The worst thing about the University of Wisconsin-Madison is that some of the classes, mostly introduction classes, are lecture halls full of hundreds of students. Therefore, it is possible for students to go entire semesters in a class without ever meeting the professor. However, the professors teaching assistants are usually fairly good at holding office hours for students to walk in and ask questions. Also, most professors do not treat their students as only numbers; they are usually open to questions and criticism. If someone has a question however, they cannot be shy about asking it.
One inevitably leaves the University of Wisconsin – Madison with a sense of regret. Unlimited paths lie before you as an undergraduate at Wisconsin, but which will you choose? Without question, there will not be enough time to do it all. The worst thing about Wisconsin is its abundance. As a student, you certainly have the time and ability to pursue any passions you could imagine. But no matter how many clubs, games, excursions, concerts, lectures, coffee shops, parties or sledding hills you find, you will eventually discover that another wonderful adventure escaped your grasp.
Personally, I think the large class sizes make it more difficult for me to grasp subject matter and concepts as swiftly as I might in smaller classrooms. Even though many lectures have discussion sections, I prefer to learn and review material more often than once a week (which is the typical frequency of discussions). Additionally, smaller classes help me to stay on top of my work and I usually ask many questions which cannot be as thorougly answered by professors in lecture halls. Plus, I enjoy hearing other students ideas and opinions regarding the material.
While Madison is fantastic, its endowment is nowhere comparable to, let's say, a university like Harvard. We have money and grants constantly coming in, but resources are limited. I have seen fantastic research done by so many grad students and undergrads, but I have also seen projects cut short or the failure to pursue a project due to lack of funding. In this sense, discovery is probably stunted, and while Madison's biotech is world-renowned, this emphasizes that fact that even more discoveries and more innovation could be cultivated if there was more money.
The worst thing about UW-Madison is the Wisconsin winter that descends upon campus in November and stays until March. The winters are filled with storms of heavy snow, frigid temperatures, and poorly plowed roads and sidewalks. The long walks students make on their commutes are lengthened by these unfortunate conditions that occupy the campus for many months. Although the snow can be beautiful upon first glance, that magnificence is deceiving. I am looking forward to migrating to place with a more hospitable year-round climate upon graduation.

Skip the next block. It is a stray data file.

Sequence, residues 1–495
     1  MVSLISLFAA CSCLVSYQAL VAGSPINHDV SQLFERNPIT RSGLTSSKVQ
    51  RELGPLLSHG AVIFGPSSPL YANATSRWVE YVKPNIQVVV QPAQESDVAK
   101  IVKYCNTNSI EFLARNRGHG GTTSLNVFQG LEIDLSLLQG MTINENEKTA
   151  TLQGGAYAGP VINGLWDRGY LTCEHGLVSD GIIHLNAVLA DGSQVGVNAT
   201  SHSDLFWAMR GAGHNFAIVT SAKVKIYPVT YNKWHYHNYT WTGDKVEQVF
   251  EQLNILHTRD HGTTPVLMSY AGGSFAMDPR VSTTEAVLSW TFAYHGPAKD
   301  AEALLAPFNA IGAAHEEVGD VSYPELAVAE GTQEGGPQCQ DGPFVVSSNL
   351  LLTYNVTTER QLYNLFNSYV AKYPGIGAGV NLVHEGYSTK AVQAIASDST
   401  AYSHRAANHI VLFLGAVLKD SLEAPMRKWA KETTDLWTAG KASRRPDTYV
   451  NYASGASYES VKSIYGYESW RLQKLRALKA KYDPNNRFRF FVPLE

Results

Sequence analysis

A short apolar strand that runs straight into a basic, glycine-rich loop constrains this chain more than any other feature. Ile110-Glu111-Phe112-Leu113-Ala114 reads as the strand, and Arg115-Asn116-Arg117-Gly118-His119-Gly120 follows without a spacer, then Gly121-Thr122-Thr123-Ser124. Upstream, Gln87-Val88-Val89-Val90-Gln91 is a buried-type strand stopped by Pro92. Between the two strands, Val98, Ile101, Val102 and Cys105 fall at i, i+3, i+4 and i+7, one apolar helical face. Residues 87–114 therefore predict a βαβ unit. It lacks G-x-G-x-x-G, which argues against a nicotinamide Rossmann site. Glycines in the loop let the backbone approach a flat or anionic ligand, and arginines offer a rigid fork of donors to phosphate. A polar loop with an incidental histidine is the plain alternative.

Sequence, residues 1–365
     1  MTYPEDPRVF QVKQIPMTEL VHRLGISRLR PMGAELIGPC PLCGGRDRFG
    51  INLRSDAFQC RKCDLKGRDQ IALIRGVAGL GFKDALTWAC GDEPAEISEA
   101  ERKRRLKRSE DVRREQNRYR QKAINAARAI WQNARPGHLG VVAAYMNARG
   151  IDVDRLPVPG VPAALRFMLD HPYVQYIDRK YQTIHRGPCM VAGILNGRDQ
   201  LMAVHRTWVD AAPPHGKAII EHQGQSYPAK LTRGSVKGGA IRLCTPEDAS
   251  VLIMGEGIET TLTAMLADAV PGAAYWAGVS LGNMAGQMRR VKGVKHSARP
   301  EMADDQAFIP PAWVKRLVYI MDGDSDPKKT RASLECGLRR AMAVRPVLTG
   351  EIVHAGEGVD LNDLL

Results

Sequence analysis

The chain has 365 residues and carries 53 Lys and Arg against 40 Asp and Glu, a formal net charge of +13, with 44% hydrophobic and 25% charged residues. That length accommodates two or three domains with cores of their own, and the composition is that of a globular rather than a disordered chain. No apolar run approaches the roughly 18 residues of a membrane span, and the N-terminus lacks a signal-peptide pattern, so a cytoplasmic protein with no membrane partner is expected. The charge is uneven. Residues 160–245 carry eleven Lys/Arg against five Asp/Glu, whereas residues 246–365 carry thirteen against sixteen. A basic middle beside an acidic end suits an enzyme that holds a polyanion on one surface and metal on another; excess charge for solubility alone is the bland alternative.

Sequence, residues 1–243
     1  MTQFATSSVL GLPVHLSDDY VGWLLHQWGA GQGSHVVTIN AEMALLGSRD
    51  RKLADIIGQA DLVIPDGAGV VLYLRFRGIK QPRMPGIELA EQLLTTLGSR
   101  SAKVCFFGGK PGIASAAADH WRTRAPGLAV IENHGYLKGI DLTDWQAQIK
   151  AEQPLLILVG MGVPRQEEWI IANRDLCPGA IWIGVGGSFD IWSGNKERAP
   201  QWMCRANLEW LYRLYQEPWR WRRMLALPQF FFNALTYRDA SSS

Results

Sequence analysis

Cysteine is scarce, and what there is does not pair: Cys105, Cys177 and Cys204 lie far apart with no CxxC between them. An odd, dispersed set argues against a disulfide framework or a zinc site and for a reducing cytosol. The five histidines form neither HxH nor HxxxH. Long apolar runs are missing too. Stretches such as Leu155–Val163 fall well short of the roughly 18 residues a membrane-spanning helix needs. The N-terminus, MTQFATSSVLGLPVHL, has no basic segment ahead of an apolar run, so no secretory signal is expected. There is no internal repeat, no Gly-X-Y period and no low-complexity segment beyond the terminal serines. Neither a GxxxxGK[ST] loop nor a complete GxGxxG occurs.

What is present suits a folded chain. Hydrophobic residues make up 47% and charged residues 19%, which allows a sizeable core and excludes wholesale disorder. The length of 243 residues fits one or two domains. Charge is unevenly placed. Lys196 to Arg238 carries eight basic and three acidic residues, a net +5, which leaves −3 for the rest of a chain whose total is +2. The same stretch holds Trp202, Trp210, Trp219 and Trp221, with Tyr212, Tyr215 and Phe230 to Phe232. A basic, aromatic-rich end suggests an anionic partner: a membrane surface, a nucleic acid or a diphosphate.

If I had to choose the worst thing about my school, I'd probably have to say the class sizes. The reason for this is that with more students per professor, one loses the student teacher interactions that were so common during high school. People really have to take it upon themselves to meet with their teachers if they have concerns whereas in high school, the teachers kept close tabs on all of their students. While I'd say this could be considered bad, I also am able to find a good side in that it builds independence and responsibility.
My college was exceedingly large. The smallest of my classes had about 50 people in them -- so they weren't small classes at all. Many had hundreds of people in them. Even getting around campus could be difficult; you need a large amount of space to accomodate all those people! It never felt cozy to me. Also, most people are from a small or medium-sized town in Wisconsin, and it rarely felt like they were friendly to outsiders. In a lot of ways, small town beliefs prevail, even at a world-class institution like Madison.
Probably the worst thing about our school is the off-campus housing. The area property management companies know that college students need places to live and therefore charge high prices for pretty low-quality housing. In my experience, the companies are fairly good at responding to calls about house problems. Just make sure you speak with the property managers before they change anything in your house (or just read your contract) because they may charge you for damages, even if they are just from normal wear-and-tear.
I think the worst thing about our school is the academic advising and some of the professors. I have switched majors 3 times, and have had more than 5 different advisors. I feel like I don't get any help from them because they are too concerned about their research, or have way too many other students' problems to deal with because we have 40,000 students on campus. The professors teach classes of 400 sometimes, so it's really hard for them to remember you, and therefore get a letter of recommendation.
The worst, and the best thing, is that you are on your own at this school. The school really doesn't care how you're doing academically and your advisor won't seek you out to see how things are going. It can be really overwhelming at first. But then again, it's a good thing, because you know that if you graduate from here having taking full advantage of all the opportunities, you'll be ready for whatever life throws at you, because you had to fight for things you wanted during college.